This section is dedicated to take away all your "I wish someone had told me that before I went!" experiences. This way, you can spend less time settling in, and more time making new friends in your chosen hostel. We share our insider knowledge of tips, tricks and important things to look out for in Xishuangbanna.
Xishuangbanna, better known as Banna, is an autonomous city in the Yunnan province, in the far southern part of China. It borders Myanmar and Laos. The capital of the prefecture is Jinghong, which is where most of the culture and tourism is centred. To get here, you can fly direct to Xishuangbanna Airport from many other domestic cities, Dali, Chengdu, and Bangkok. The airport is 6km south of Jinghong City. Buses run regularly into the city centre.
Hostels in the Xishuangbanna region are mostly found in Jinghong, the capital. Most hostels are on or just off the main shopping street, Galan Street, near the nightlife, cafes, and shopping. The word for “hostel” in Chinese is 宿舍 (“su-she”).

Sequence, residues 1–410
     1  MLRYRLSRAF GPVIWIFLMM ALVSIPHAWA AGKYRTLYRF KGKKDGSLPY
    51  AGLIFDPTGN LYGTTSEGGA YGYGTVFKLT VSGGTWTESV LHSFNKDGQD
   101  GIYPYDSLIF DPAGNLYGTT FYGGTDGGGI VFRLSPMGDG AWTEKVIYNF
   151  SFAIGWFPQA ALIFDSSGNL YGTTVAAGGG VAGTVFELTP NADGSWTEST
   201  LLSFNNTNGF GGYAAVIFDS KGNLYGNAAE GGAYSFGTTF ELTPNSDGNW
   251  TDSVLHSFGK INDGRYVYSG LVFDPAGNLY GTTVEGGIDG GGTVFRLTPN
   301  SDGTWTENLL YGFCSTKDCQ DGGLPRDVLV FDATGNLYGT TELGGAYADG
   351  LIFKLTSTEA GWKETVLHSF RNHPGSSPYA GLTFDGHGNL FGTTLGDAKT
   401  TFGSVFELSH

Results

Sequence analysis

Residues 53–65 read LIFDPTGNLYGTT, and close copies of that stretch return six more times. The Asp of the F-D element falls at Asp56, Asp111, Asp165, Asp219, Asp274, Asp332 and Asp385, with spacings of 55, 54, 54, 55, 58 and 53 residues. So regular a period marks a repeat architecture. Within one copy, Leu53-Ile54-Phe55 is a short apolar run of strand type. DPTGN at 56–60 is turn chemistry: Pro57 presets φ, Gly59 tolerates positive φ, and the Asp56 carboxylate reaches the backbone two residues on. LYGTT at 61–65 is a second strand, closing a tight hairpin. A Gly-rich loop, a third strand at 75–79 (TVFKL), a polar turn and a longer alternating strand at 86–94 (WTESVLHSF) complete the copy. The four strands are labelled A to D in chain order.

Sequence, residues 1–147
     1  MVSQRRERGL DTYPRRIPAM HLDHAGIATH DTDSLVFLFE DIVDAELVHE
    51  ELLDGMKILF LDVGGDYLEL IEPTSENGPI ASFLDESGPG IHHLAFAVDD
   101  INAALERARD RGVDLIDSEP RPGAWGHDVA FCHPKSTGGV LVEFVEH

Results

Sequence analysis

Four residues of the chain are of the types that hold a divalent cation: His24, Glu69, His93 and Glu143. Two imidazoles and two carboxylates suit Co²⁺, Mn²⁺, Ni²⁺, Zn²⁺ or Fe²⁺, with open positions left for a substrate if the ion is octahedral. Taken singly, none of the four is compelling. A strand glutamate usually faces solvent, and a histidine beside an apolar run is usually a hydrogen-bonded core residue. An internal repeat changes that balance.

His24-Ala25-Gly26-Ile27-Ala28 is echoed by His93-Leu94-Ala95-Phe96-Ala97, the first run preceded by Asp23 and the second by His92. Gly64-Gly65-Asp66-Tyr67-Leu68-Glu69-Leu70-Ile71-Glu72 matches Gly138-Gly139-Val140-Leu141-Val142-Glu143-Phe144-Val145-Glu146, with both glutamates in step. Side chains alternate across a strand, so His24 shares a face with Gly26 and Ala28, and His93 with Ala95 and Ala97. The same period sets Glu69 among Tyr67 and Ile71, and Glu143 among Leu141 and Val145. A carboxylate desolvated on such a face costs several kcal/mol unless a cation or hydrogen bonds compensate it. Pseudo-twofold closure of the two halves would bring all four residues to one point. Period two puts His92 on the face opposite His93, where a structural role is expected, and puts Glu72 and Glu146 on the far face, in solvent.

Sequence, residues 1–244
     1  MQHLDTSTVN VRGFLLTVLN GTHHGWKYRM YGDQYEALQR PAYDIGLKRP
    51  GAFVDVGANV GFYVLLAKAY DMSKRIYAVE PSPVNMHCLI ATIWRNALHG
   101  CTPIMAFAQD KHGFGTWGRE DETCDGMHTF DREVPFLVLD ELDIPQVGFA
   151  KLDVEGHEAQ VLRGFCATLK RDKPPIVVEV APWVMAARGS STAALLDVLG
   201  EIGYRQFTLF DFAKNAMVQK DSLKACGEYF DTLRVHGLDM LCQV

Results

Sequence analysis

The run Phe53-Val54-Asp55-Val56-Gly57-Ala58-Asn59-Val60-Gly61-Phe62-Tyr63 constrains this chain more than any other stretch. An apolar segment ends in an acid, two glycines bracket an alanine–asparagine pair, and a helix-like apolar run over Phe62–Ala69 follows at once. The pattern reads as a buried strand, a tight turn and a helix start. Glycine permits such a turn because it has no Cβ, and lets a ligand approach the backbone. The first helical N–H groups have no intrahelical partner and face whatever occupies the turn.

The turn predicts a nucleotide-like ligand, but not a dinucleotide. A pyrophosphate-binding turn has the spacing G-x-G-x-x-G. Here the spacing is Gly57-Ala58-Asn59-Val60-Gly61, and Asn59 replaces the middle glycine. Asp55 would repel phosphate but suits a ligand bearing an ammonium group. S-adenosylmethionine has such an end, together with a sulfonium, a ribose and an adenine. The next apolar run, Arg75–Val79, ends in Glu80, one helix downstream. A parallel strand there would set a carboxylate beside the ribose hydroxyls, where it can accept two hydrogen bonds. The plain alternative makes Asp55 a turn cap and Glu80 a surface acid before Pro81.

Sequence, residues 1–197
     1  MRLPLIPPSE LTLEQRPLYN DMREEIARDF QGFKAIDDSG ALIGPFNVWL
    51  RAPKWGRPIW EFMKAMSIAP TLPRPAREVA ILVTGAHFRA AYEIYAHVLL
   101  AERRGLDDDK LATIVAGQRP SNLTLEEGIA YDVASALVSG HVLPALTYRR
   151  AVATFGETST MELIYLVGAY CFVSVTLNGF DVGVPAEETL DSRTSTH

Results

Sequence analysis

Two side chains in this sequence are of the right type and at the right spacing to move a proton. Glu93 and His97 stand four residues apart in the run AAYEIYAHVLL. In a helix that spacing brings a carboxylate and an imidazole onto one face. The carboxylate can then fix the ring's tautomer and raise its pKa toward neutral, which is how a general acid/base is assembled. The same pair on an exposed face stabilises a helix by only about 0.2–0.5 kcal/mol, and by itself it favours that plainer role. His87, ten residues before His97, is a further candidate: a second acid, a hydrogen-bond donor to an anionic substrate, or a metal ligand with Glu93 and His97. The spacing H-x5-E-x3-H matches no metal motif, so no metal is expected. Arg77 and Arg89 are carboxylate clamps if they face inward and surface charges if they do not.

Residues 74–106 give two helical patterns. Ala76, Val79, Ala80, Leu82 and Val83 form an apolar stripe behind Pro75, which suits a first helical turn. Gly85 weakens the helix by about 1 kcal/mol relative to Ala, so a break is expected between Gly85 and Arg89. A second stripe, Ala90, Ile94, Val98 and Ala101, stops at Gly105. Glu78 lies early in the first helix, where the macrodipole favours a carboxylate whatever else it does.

Xishuangbanna is quickly becoming one of China’s top tourist spots, almost a mini Thailand. There are water festivals, plenty of sunshine, lots of bars and restaurants, and incredible jungle treks. You will likely come across a lot of younger Chinese who are here simply to party.
Xishuangbanna is also home to the last remaining Asian elephants; they live in the protected Banna Wild Elephant Valley which is open to the public daily. The elephant park is located in the Sanchahe Forest Reserve, which comprises over one million hectares of dense forest. it is an excellent spot for hiking, but there is no accommodation in the park. Don’t miss the Tropical Flower and Plant Gardens and Park in the centre of Jinghong if you can’t get out to the forest; it’s definitely one of the better attractions in the city. Other popular tourist spots in the province are the Dai Buddhist Menge temple complex (2007) and the Ganlanba Dai Minority Park, which is a collection of five Dai villages that pooled together to create a complex to show off the Dai culture. It’s new, and so are most of the buildings, but at least its historically accurate.
Written by local enthusiast for Xishuangbanna hostelsJakob Lombardi